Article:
Our Outdoors: Turning Twenty

By Nick Simonson

It was 20 years ago this summer I took a job in between college and law school as a part time reporter for my hometown newspaper, the Valley City Times-Record.  In fact, it’s a publication for which I still proudly write today, and I am happy and sometimes amazed that they’ve kept me on this long and through many moves.  Between reporting on developing technology in the community, looking over the police blotter and covering the occasional Legion baseball game that summer, I was also given an opportunity to share my growing passion for the outdoors, which at that time was solely focused on angling. 

Each week in the remaining two months of my stay at the shared desk where the reporters gathered, I’d assemble a profile on one of the prominent species in the area and share tips and locations where they could be caught locally and statewide. The Fish Files, as I called it, ran alongside Doug Leier’s column and the NDG&F Department’s press releases, eventually giving way to this weekly column, Our Outdoors, which started a two-decade streak of sharing my take each week on all that was happening in hunting, fishing and conservation from season to season.

In some ways 20 years seems short.  It’s not a lifespan to me, but for many who read my work, it encompasses all of theirs thus far in the outdoors – from their first bluegills, to learning walleye patterns, to pheasant hunts and sits for deer – with hopes for at least three or four more of those 20-year sets to come. There are many of those moments in the outdoors, so filled with success or big memories that they seem like yesterday: a dog’s first point, the incredible experience of sturgeon angling, or watching my son catch his first fish through the ice.  While they’re 17, 10, or seven years ago in reality, the moments remain so close I feel as if I could reach out and touch the feathers and fins in the cool autumn air or the chilly water.  Having written them down, shared them through this medium and archived them on a few different lost-and-found hard drives over the years makes remembering and reliving each moment that much easier.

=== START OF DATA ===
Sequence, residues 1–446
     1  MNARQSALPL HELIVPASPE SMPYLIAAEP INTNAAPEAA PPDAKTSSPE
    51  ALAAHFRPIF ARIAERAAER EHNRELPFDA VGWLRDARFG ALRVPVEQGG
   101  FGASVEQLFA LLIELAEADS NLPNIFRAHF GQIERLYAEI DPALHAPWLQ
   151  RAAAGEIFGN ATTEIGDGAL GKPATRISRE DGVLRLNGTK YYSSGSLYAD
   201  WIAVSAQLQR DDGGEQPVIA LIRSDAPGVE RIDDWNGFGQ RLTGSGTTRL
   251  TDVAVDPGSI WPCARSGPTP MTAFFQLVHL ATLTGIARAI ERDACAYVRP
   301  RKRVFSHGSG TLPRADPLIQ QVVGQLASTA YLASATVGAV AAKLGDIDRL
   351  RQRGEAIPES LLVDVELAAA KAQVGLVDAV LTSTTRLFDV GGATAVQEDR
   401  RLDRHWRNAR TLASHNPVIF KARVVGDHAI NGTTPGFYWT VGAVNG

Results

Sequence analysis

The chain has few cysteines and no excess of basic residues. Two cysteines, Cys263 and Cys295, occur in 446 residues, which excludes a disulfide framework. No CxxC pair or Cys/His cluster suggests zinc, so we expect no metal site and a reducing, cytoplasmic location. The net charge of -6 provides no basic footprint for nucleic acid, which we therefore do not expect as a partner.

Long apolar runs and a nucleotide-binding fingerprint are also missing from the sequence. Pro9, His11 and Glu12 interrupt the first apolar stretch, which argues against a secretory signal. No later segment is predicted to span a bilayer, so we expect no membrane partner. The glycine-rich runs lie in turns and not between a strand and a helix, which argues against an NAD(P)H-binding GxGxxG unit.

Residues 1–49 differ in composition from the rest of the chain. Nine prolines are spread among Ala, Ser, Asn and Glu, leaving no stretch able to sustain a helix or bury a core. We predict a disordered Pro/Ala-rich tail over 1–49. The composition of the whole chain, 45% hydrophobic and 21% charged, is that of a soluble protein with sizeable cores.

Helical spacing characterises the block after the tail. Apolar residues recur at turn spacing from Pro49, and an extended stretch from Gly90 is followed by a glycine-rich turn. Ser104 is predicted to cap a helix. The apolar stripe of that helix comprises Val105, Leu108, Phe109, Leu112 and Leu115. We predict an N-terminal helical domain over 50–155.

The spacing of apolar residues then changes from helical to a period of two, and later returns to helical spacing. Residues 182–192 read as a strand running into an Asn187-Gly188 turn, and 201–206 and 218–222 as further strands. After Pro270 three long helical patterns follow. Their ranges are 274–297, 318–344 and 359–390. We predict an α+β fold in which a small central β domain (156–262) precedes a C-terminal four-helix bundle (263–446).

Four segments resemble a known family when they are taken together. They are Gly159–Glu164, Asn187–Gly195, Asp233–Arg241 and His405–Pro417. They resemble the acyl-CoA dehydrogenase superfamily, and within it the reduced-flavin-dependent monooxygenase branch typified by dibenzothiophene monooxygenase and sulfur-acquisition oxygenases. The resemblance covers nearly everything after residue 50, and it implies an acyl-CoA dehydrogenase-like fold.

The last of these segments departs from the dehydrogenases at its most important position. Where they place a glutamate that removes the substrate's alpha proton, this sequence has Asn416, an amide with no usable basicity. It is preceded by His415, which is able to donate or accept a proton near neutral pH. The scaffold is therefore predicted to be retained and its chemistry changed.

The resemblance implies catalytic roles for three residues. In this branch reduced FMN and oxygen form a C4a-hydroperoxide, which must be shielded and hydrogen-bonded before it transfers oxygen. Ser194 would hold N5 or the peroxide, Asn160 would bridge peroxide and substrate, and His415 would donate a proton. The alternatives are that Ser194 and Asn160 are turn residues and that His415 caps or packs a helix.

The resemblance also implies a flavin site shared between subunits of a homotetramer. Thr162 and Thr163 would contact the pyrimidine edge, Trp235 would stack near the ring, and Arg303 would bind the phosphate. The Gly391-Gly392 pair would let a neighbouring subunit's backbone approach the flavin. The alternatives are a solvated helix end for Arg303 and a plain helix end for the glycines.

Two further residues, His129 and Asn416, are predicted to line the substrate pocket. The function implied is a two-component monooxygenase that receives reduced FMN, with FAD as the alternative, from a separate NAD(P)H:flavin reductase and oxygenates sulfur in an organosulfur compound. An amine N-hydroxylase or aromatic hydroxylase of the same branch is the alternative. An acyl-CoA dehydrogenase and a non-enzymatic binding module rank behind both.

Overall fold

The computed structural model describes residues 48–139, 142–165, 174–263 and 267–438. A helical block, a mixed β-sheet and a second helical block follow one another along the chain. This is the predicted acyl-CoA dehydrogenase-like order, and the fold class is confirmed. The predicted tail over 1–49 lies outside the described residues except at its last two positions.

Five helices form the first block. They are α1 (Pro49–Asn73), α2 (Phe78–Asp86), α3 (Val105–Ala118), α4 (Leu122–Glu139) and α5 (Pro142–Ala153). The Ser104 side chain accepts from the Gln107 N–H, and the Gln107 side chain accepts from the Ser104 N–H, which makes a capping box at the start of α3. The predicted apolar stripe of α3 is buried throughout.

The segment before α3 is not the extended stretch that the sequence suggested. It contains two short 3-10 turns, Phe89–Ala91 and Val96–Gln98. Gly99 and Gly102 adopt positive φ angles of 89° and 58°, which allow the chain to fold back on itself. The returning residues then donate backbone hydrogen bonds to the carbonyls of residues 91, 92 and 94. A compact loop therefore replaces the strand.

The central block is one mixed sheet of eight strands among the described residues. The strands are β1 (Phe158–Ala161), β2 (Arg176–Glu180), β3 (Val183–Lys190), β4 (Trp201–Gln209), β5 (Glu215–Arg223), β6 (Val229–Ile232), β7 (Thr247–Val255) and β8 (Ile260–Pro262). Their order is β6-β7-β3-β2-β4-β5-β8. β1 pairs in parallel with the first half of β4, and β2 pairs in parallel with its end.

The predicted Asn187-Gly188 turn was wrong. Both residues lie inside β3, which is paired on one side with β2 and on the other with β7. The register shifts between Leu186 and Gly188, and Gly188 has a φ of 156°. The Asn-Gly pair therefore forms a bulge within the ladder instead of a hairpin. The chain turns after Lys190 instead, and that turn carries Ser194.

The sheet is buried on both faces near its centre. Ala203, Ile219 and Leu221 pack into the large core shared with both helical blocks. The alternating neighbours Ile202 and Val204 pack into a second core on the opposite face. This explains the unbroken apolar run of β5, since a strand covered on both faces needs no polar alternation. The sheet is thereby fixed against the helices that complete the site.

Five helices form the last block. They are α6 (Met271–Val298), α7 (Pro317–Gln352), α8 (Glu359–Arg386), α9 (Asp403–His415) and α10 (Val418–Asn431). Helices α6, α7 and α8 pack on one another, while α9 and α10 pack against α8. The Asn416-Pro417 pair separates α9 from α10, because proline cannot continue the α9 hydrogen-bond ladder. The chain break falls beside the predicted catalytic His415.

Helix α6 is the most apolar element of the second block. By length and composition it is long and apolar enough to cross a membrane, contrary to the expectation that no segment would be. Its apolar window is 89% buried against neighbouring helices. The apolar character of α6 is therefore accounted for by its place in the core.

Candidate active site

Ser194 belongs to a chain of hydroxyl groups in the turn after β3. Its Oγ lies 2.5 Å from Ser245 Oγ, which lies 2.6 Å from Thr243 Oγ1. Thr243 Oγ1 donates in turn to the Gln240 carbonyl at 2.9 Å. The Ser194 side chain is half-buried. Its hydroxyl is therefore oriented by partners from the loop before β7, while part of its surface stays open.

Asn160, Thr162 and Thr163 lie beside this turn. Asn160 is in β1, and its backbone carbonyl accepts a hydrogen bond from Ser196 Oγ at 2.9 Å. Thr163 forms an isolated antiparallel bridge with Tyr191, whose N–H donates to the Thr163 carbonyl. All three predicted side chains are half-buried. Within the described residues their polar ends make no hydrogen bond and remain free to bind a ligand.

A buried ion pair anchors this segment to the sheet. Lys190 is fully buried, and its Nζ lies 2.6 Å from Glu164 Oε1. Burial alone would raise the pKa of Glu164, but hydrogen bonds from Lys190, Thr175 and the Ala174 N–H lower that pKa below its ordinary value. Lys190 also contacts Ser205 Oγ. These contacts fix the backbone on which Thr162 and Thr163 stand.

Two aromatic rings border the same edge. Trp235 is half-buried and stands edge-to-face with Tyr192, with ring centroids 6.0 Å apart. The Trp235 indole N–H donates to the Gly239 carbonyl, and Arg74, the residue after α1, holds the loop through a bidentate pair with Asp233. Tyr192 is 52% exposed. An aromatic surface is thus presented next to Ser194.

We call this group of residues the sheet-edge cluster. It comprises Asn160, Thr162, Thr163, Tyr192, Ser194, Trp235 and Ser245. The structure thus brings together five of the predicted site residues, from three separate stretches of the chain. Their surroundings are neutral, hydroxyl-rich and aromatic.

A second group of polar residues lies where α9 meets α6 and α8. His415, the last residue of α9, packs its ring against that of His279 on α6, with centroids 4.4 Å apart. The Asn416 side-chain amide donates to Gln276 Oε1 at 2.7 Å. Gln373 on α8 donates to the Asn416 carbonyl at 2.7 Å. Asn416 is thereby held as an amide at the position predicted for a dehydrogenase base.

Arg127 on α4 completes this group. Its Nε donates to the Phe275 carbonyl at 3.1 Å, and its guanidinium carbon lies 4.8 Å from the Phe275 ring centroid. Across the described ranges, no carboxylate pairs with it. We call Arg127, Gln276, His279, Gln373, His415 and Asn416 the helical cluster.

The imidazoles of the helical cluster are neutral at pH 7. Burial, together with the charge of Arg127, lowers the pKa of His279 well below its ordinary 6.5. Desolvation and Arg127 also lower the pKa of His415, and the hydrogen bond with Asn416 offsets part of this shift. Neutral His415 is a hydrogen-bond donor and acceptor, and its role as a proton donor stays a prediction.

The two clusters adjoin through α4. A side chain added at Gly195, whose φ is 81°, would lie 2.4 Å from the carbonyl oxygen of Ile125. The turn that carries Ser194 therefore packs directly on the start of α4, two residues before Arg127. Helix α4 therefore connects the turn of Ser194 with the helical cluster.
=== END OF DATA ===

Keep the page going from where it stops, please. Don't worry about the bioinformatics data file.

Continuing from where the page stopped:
The time has flown by, but as I look back, I’m amazed that one major goal – catching a smallmouth bass the same length as the age of this column – has remained a continuing challenge.  In all those days on the water which have whizzed by in a blur, I’ve not topped the 20-inch mark for a smallie. While I’ve landed more than my share of fish between 19 and that oh-so-close 19.9 inches in the fast-moving springs and summers since I began writing about them, my 20-inch bronzeback still maddeningly eludes me. I’m hopeful it will come eventually, but as I do spend a lot of time angling for them, I’m surprised it hasn’t already.

In a way too, 20 years can seem frustratingly long. Having had my first hunting dog and taken to the field at the most recent height of CRP in 2004, watching grass disappear from the landscape in the years since and doing the research on the ups and downs of the habitat program throughout the seasons establishes a pattern of troughs and peaks where bird, deer and other wildlife populations follow suit with conservation efforts.  In those moments, where it seems society must experience the consequences of its actions, re-learn everything it once knew and then re-implement it through the red tape and rigmarole of government, that 20-year cycle of ups and downs can certainly feel like a drag on the outdoor psyche.